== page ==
In this course, intermediate French language students will gain a broader lexical and grammatical foundation for their language studies. Students will improve their written and oral expression, aided by an in-depth study of grammar (tenses, reported speech, an introduction to conditional and subjunctive), as well as syntax and vocabulary. They will learn idiomatic expressions and learn to identify and eliminate Anglicisms in their speech. This theoretical study is complemented by reading and analysis of simple texts to illustrate the grammatical points raised in class. By the end of the class, students will be able to write a descriptive or narrative text in a clear and organized fashion about subjects with which they are familiar. They will be able to understand the concept of registers of speech and have a face-to-face conversation about a range of issues.
REN 2002 PAFR
French Language – Intermediate II
This course is designed for students with three to four semesters of college-level French, or the equivalent as determined by a placement test. Students read news articles and stories, and through them improve their knowledge of grammatical points (tenses, including the conditional and the subjunctive, pronouns, and beginning of argumentation). By the end of the semester, students should be able to express their opinions on familiar subjects, give oral presentations in an organized way, and write a short essay on a subject of general interest using a range of registers. The student should be able to understand a conversation including several participants and covering a range of personal and general topics.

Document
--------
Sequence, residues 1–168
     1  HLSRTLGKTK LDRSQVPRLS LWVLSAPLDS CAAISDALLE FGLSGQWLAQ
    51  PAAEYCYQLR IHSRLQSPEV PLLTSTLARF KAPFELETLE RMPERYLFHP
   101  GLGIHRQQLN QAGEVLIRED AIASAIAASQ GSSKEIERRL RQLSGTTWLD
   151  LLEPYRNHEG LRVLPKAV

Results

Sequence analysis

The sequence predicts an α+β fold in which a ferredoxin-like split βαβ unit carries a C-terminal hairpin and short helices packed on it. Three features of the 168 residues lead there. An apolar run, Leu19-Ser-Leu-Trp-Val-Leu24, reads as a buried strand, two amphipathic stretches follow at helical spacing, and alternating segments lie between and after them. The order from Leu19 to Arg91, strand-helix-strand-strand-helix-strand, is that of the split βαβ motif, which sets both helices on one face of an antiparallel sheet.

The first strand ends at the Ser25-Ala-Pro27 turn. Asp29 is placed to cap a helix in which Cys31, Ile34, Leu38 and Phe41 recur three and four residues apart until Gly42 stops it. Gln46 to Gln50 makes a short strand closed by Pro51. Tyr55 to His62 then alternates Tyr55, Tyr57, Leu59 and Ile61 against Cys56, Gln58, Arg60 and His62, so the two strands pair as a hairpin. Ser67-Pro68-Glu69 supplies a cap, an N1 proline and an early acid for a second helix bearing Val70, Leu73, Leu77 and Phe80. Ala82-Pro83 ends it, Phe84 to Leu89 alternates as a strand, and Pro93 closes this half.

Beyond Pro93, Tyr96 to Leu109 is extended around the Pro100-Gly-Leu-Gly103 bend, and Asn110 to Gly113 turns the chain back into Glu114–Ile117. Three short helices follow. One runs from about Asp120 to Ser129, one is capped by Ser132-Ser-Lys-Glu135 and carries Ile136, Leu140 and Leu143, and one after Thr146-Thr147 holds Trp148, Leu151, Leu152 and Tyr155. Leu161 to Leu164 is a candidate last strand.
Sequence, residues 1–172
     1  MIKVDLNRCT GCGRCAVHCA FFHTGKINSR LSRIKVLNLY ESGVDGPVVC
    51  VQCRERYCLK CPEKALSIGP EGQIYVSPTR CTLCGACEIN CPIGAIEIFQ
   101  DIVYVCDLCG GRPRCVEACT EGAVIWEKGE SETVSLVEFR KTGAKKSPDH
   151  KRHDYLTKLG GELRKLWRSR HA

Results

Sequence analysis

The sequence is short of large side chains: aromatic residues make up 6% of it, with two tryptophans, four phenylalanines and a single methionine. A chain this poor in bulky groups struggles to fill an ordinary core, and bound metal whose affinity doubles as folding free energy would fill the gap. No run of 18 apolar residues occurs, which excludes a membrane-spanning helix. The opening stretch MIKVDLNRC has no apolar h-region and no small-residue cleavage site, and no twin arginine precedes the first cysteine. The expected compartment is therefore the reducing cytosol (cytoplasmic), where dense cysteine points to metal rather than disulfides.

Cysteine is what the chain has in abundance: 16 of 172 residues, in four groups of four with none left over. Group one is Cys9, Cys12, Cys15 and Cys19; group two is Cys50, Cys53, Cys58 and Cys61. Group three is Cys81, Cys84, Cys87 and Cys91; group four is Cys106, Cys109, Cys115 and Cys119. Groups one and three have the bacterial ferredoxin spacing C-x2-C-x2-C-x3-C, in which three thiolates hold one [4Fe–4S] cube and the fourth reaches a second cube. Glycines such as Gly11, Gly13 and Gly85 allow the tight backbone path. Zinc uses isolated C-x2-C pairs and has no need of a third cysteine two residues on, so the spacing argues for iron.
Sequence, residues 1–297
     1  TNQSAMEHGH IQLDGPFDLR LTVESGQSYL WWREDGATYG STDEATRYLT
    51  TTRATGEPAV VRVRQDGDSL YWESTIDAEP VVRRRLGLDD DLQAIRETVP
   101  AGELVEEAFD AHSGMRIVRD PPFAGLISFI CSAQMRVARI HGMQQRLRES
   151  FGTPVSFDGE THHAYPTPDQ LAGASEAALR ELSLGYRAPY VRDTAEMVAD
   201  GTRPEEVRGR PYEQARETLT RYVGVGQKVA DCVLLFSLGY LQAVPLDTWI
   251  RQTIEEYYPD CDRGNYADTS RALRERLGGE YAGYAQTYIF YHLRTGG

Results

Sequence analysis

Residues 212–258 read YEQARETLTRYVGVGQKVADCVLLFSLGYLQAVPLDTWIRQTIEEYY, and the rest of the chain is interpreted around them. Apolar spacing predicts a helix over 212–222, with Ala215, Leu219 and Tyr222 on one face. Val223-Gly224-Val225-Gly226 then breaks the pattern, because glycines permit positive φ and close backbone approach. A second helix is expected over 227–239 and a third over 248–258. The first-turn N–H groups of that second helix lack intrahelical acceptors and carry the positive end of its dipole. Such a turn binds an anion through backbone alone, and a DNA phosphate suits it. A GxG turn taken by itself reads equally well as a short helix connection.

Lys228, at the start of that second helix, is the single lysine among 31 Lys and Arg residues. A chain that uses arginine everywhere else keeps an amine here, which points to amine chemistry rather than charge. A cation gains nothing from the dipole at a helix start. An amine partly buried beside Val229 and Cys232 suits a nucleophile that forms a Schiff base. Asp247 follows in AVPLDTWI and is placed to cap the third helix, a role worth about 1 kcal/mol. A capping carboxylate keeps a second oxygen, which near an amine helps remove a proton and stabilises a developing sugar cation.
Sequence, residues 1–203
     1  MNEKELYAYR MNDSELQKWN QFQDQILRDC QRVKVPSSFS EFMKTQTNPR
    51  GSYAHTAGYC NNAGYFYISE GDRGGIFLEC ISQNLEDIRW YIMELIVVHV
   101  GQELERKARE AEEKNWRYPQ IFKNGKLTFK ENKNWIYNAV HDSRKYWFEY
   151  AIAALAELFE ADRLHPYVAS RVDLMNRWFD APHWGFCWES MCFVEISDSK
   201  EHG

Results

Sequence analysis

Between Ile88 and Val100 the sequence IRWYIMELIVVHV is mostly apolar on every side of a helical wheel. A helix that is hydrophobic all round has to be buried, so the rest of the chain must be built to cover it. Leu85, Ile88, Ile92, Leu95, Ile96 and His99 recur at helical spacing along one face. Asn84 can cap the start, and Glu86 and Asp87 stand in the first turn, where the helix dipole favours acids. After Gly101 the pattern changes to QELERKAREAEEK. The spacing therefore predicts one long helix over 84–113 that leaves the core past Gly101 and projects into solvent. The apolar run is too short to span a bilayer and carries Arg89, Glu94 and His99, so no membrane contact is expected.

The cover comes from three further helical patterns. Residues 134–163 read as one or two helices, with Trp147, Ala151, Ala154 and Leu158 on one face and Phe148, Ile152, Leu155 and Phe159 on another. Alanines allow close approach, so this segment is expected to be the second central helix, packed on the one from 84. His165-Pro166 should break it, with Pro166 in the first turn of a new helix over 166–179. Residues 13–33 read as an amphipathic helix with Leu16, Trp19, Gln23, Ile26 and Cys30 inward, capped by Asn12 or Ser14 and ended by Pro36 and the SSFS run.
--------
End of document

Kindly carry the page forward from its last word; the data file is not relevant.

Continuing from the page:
FREN 3001 PAFR
French Language – Advanced I
This course is designed for students with four or five semesters of college-level French, or the equivalent as determined by a placement test. Students read articles, essays, and literary texts, and carry out regular in-class and at-home writing exercises and essays, which are reviewed in class. The grammatical points covered in the syllabus (tenses, including the conditional, subjunctive, and passé simple, pronouns, and argumentation). By the end of the semester, students should be able to argue a point of view on abstract subjects in an oral presentation and write a well-constructed and coherent essay on a subject of general interest. They should be able to understand and use appropriately varied kinds of discourse, including formal and informal, slang, and academic language, as well as begin to master the different registers of language.